# Cost of an ounce of dough

I’ve been buying my dough now but was told today that dough costs about\$.006 an ounce to make or less then a penny per ounce.I actually have the recipe to the T of the place that makes my dough as a buddy of mine worked there for 5yrs and knows by heart.
If this is true I may really consider buying a mixer.
Thanks
Derek

Flour is way up in price, but my foodcost on dough is still just under a penny an ounce.

I’m hovering @ .01 an ounce of dough.

We use honey instead of suger which raises the cost, but the food is still only about 1.2 cents per ounce. Labor is about 7/10s of a cent, so the total cost is under 2 cents. It is important to ad that production labor into the equation when you compare. To the extent you have downtime during prep the labor expense may be less, but it does not work that way for me.

Bottom line, making dough is about half the cost of buying it. The other good news is that if you buy the machine, it will also grind/dice cheese. Buying your cheese in block form will often save you 10-15 cents a pound.

Between those two savings, I figure my machine paid for itself in about two weeks of our high season.

buy the mixer and save money from auction or used equp store…
your dough cost should be in line with penny an ounce

A penny an ounce is right if you only count the food, but figure your labor will be up some too.

Maybe a basic calculation like your labor will be up by \$100 for every 1000 pies you sell will be close.

to figure out the cost of one ounce of dough, find a recepie figure out the yeild. Then figure out what each ingredient costs and then you can go from there and figure out your cost per ounce. For instance…

fifty pounds of flour costs A
three cups of oil costs B
two cups of sugar costs C
one cup of salt costs D
three oz of IDY costs E

Your yield = X pounds so you add A thru E to find out what that costs you to make. Then you multiply X pounds by 16 to get the number of ounces, then divide the number oz by the total cost to get the cost per ounce.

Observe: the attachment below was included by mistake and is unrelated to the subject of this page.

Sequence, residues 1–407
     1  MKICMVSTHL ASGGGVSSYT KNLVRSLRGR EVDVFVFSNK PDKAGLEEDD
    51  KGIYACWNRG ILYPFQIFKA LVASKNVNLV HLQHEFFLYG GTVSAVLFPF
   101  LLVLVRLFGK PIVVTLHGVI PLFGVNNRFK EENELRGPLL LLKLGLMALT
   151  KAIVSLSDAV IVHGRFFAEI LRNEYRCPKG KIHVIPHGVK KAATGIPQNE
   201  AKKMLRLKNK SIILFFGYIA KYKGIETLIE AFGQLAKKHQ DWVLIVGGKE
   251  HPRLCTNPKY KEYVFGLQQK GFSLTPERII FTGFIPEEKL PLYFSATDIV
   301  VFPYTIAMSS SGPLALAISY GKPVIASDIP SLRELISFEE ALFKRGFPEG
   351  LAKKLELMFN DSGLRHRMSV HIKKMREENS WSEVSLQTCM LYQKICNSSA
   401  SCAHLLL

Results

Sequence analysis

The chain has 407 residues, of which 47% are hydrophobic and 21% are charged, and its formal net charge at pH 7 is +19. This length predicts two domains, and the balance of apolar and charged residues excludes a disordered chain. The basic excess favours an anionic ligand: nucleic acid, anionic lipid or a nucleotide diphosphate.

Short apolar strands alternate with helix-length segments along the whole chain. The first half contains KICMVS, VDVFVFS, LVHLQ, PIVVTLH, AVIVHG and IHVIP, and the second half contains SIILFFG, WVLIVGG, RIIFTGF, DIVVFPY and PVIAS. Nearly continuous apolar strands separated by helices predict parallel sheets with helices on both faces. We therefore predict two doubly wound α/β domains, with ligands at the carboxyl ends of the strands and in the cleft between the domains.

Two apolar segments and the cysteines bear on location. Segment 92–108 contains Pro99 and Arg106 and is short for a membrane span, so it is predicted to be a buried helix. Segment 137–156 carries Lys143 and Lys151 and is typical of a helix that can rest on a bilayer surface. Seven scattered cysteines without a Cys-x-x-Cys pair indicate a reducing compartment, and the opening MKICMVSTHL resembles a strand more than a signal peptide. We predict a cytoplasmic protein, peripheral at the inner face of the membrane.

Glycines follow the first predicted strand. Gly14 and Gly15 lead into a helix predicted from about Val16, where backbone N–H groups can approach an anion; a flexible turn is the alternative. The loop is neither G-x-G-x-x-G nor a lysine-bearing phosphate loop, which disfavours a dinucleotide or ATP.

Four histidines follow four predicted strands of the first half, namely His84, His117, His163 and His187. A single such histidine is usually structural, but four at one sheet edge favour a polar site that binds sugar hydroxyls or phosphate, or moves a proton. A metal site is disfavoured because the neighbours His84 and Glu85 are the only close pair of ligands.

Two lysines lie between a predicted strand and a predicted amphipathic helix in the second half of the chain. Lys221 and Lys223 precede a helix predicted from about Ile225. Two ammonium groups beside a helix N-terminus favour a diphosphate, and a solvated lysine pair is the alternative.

on top of the cost of the ingredients you will also need to consider:

• cost of labour (making and cleaning)
• cost of servicing the equipment
• cost of power for the equipment
• make sure you have enough cold room space to cross stack the dough and to store the ‘extra’ dough you will have (depending on what stage you normally get your bough in dough you will probably need an extra day’s supplies)
• Anyone producing the dough for you will certainly be able to able to buy the flour at discount than you.
• oh and don’t forget to factor in the cost when who every makes the dough can’t come in because they got flu/holiday/don’t set the alarm/want a sick day

The cost to a supplier producing volume will be a fraction of what you can make it for. Making you own dough may save you \$\$, it will give you get flexibility but there are obviously some trade-off’s - make sure you consider everything as sometimes it can be a real pain.

Baker’s Percent Conversion Tool[/url] from the [url=http://www.pmq.com/toolbox.php]Pizza Manager’s Toolbox

Change Cell A24 to read : Labor
Change Cell B24 to your “helps” Hourly Wage
Change Cell C24 for however many hours it takes your people to do dough
Change Cell D24 to : =SUM(B24C24)
Change Cell E24 to : =SUM(B24
C24)

If you are using this already you simply need to add in another row for calculations.

If you have issues you can PM me. I can help with adding in other known factors to your dough cost rundown.

If you have 3 people doing your dough and it takes 45 minutes.

Then add up all 3 employees wages and enter it into cell B24. Enter .75 into C24 and it will tell you what you are paying per ounce for those 3 people to work 45 minutes making your dough. If you enter in all the variable above what I told you to add it will break down your costs to the ounce/pound.

If you are having troubles with this spreadsheet or you arent familiar with editing a spreadsheet (look in the help menu or ask me in a PM)

Hopefully that might help someone.

I take NO CREDIT for the spreadsheet. PMQ hosts the Spreadsheet. (Thank you!) Someone had either supplied it to them or they created it for us. In either case all credit for the original goes to the rightful owner.

Wizzle
Labor cost for making our own dough is basically non existant. I would schedule the same hours for dayshift instore staff with or without dough to make, because I want two instore employees working at all times to keep up with rush periods throughout the afternoon.

Cost for equipment calculates to less than one tenth of a penny per ounce for the three A and M dough rounders and the 2 hobart mixers I have purchased in ten years(not even counting what these sold for when I was done). I have paid less than \$300 to service this eqipment over ten years. Cost to power the eqipment is there, but is it really significant?